application of engineering fundamentals to obtain quantitative descriptions. Major topics
include rheology of blood, mecha
nics of the heart, dynamics of blood flow in the heart and
circulation, control of cardiac output, blood pressure, and regional blood flow. LEC

482 Introduction to Composite Materials

(3) (F)


MAE 381

Provides a basic understanding of compo
site materials (manufacturing and mechanical
properties). Examines behavior of unidirectional and short
fiber composites; analysis of
laminated composites; performance of composites, including fracture, fatigue, and creep
under various conditions; fracture

modes of composites; manufacturing and micro

characterization of composites; experimental characterization and statistical analysis; and
polymeric, metallic, and ceramic composites. LEC

484 Principles and Materials for Micro

Systems (MEMS)

(3) (Sp)


MAE 381

Current interest in micro
mechanical systems or MEMS is driven by the need to
provide a physical window to the micro
electronics systems, allowing them to sense and
control motion, light, sound, heat
, and other physical forces. Such micro
systems that integrate
microelectronics and sensing elements on the same chip present an interesting engineering
problem in terms of their design, fabrication, and choice of materials. Addresses the design,
on, and materials issues involving MEMS. Displays these issues within the context of
MEMS for mechanical sensing and actuation, magnetic devices, thermal devices, automotive
applications, and Bio
MEMS for biomedical applications. LEC

487 Modern Theory of

(3) (Sp)


PHY 207, MAE 381

Develops fundamentals of modern theories of solids. Topics include reciprocal lattices,
diffraction theory, electron energy bands, and phonon dispersion. LEC

493 Mathematical Methods in Robotics

(3) (Sp)


MAE 376

A mathematical introduction to modeling, analysis and control of robotic systems. The first part

of the course deals with the theoretical frameworks for modeling, analysis (kinematics and
dynamics) and control of generic robotic mech
anical systems, rooted in rich traditions of
mechanics and geometry. The rest of the course will examine many of these issues in the
context of serial
chain and parallel
chain manipulators, wheeled mobile robots (and hybrid
combinations of these systems).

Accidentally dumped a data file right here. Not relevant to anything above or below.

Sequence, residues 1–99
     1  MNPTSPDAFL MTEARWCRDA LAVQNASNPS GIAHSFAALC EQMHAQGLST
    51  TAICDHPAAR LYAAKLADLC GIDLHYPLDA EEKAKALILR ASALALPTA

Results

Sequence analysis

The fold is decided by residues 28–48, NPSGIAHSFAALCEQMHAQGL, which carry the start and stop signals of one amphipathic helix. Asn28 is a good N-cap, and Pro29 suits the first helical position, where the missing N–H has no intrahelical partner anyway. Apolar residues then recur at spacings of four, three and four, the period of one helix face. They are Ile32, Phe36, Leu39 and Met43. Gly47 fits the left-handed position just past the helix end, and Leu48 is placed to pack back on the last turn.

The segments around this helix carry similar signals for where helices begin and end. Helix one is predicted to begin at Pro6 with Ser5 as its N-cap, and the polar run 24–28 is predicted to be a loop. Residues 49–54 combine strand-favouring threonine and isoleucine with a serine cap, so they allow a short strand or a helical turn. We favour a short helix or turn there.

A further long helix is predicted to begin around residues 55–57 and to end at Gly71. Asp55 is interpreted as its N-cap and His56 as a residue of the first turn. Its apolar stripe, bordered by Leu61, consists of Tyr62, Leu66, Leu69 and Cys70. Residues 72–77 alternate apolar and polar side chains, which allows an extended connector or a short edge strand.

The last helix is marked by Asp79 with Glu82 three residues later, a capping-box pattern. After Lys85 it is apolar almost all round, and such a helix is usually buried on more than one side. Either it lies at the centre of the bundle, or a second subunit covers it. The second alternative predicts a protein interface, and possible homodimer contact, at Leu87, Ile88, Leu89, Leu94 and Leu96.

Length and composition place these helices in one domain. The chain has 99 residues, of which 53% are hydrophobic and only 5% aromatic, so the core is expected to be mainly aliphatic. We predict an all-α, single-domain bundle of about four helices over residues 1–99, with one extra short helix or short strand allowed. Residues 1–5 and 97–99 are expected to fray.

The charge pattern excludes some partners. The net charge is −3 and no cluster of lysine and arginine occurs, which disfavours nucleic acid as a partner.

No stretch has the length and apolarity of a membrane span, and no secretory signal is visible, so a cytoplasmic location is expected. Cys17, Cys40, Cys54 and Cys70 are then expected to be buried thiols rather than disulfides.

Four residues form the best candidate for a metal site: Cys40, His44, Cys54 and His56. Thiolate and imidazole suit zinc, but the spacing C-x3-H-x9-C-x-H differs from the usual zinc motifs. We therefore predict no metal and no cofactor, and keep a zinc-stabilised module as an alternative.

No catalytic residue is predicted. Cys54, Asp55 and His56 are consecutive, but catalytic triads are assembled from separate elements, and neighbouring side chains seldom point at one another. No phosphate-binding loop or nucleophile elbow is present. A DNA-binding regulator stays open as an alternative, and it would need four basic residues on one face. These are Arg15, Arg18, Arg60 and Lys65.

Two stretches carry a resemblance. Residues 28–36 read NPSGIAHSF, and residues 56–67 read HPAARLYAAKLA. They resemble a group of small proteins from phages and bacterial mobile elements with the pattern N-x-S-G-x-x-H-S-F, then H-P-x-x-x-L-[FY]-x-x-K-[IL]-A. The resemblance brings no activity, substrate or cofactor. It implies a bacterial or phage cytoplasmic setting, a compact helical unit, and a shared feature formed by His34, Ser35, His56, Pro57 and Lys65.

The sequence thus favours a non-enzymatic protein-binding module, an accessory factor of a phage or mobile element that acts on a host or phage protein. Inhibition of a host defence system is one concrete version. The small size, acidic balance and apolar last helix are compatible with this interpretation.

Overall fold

494 Design Project

(3) (F; Sp)


MAE 451

Students working in teams of two or three under the supervision of a faculty member complete
an original engineering design, which in some cases results in hardware. Design problems
are drawn from
industry and initiated by faculty. Where practical, two or more teams compete
to solve the same problem. Teams meet with faculty on a weekly basis to discuss their
projects. TUT

496 Engineering Project

(3) (F; Sp)


senior standing and permi
ssion of instructor

Provides experience in real
world engineering problems for senior mechanical and
aerospace students. Assigns projects from local industry. Normally requires students to spend
eight hours weekly in an engineering office. Students must pr
esent written and oral reports.

498 Undergraduate Research & Creative Activity
3) (F; Sp)


permission of instructor

Students collaborate with faculty research mentors on an ongoing project in a faculty
members’ laboratory or conduct
independent research under the guidance of a faculty
member. This experience provides students with an inquiry
based learning opportunity and
engages them as active learners in a research setting. Arrangements must be made with a
specific faculty member be
fore registration. TUT

The content of this course is variable and therefore it is repeatable for credit. The University
Grade Repeat Policy does not apply.

499 Independent Study

12) (F; Sp)


permission of instructor

Independent engineeri
ng projects or reading courses may be arranged with individual faculty
members. Students must make arrangements with a specific faculty member for work on a
particular topic before registering. TUT

The content of this course is variable and therefore it is

repeatable for credit. The University
Grade Repeat Policy does not apply.


Department of Mechanical and Aerospace Engineering

Christina L. Bloebaum*, Ph.D., University of Florida, 1991, Professor (Multidisciplinary design
synthesis, visual desig
n steering and visualization applications in optimization and design).

Harsh D. Chopra, Ph.D., University of Maryland at College Park, 1993, Professor (Functional